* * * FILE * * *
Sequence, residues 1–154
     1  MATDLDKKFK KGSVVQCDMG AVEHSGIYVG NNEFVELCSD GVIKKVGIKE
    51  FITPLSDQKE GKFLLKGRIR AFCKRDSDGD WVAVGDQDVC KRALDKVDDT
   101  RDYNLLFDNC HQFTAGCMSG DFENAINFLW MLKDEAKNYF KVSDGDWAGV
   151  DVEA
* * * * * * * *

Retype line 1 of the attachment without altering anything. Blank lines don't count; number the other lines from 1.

Sequence, residues 1–154